This Article is From Jul 20, 2013

Kota witnesses rise in juvenile crimes, cops blame coaching dropouts

Kota (Rajasthan): Kota, famous for its IIT coaching centres, is now witnessing a rise in juvenile crimes. Police say over one lakh students, mostly between 13 to 16 years of age, who come here to study in different coaching institutes, are increasingly becoming more vulnerable to bad influences because of an unstructured environment.

Police say most of the students here live in hostels and paying guest accommodations without their parents. Such coaching institutes do not have rules and regulations like a school, due to which children are falling prey to crime and gang wars, especially the ones who are not doing well in their coaching or have dropped out.

Alarmed by the rise in crimes, the Rajasthan Child Rights Protection Committee and the Kota administration have launched a prevention campaign in the city.

"Students who are absent from coaching classes are getting involved in different types of activities. So we have asked coaching institutes to give us a list of absentees, we will trace them down and get in touch with their parents and persuade them to step in and monitor these children," said Praful Kumar, Superintendent of Police, Kota.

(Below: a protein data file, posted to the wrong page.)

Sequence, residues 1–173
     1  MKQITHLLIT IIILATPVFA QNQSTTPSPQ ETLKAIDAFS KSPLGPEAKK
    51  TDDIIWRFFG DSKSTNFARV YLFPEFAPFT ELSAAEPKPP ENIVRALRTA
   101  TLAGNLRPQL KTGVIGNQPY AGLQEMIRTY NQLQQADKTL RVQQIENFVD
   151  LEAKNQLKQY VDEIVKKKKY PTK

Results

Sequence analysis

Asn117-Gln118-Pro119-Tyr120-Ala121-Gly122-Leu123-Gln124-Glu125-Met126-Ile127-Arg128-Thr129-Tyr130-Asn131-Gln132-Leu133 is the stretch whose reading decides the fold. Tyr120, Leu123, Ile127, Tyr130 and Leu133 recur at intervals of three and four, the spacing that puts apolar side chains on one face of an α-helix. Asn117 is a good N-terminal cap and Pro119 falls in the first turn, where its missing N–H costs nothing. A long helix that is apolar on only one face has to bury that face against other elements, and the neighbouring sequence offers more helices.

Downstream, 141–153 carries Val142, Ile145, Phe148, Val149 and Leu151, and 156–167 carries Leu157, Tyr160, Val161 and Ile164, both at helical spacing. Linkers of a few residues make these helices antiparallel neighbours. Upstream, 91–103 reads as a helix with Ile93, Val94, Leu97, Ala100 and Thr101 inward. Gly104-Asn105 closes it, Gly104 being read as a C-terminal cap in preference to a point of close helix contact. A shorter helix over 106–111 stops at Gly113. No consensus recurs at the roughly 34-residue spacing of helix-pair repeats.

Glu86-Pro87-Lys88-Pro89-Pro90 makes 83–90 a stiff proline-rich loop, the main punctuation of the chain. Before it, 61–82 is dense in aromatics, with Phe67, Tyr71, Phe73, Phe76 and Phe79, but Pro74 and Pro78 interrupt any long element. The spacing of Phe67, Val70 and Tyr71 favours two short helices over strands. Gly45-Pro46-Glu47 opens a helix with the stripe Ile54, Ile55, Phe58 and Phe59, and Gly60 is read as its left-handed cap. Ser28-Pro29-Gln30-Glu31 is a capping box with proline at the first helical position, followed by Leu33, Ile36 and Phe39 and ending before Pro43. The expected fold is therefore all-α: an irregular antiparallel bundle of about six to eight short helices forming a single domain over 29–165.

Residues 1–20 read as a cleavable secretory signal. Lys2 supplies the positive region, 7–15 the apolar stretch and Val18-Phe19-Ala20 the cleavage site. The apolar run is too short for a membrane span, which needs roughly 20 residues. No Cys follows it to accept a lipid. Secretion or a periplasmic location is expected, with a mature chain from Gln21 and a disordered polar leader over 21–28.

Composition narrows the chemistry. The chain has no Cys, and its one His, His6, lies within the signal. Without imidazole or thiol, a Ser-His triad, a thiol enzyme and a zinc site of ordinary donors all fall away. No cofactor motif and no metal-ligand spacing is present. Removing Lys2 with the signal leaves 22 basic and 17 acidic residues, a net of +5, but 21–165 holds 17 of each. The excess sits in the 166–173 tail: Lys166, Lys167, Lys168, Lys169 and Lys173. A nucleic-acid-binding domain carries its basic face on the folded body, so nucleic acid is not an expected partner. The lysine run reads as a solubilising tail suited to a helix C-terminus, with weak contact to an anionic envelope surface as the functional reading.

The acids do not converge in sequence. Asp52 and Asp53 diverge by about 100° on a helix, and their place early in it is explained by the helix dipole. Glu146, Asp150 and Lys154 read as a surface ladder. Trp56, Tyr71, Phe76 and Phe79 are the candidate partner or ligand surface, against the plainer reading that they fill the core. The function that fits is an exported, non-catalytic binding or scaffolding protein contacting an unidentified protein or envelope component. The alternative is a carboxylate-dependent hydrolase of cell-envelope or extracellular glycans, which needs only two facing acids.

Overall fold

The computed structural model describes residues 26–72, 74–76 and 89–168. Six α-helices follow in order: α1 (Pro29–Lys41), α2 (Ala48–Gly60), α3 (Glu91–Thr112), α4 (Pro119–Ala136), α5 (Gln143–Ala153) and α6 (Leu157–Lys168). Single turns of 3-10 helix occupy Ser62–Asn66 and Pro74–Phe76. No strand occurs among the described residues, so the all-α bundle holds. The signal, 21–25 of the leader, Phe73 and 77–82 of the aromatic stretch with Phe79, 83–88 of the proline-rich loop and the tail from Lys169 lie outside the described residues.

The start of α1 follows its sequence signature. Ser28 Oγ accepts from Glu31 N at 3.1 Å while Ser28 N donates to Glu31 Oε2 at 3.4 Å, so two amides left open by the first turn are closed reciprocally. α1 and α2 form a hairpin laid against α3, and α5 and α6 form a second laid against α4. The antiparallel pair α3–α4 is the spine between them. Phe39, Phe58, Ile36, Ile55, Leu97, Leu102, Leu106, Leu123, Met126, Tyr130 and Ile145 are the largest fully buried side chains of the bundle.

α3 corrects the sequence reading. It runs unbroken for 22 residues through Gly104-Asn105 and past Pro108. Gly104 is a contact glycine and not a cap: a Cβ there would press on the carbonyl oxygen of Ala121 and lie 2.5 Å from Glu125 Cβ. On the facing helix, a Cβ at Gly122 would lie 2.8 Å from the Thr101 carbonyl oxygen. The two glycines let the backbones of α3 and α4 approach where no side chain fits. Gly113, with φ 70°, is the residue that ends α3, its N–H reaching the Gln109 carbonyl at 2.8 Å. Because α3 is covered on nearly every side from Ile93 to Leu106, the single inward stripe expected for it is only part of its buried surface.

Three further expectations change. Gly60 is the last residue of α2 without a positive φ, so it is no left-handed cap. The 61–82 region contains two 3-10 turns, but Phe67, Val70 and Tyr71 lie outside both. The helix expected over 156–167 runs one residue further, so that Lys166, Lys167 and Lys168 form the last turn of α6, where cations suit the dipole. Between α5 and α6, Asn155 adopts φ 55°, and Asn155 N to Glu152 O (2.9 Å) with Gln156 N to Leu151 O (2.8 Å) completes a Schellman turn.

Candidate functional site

The campaign will focus on these 10-15 per cent absentee students. The police have found that it's largely these children who are involved in petty crimes.

"Children are forming gangs and they have names for the gangs they belong to. Then there are temptations like alcohol and porn. These gangs are fighting with each other and that's becoming a problem," said Mrs Deepak Kalra, member of Bal Adhikar Sanrakshak Ayog, an NGO.

While there has been a rise in juvenile crimes, the police also admit there are statistics that often go unreported. Cops say they sometimes don't register FIRs against students since that may spoil the children's records.

Keeping that in view, the prevention campaign will be taken up in a student-friendly way where authorities will counsel students to make them aware about juvenile crimes.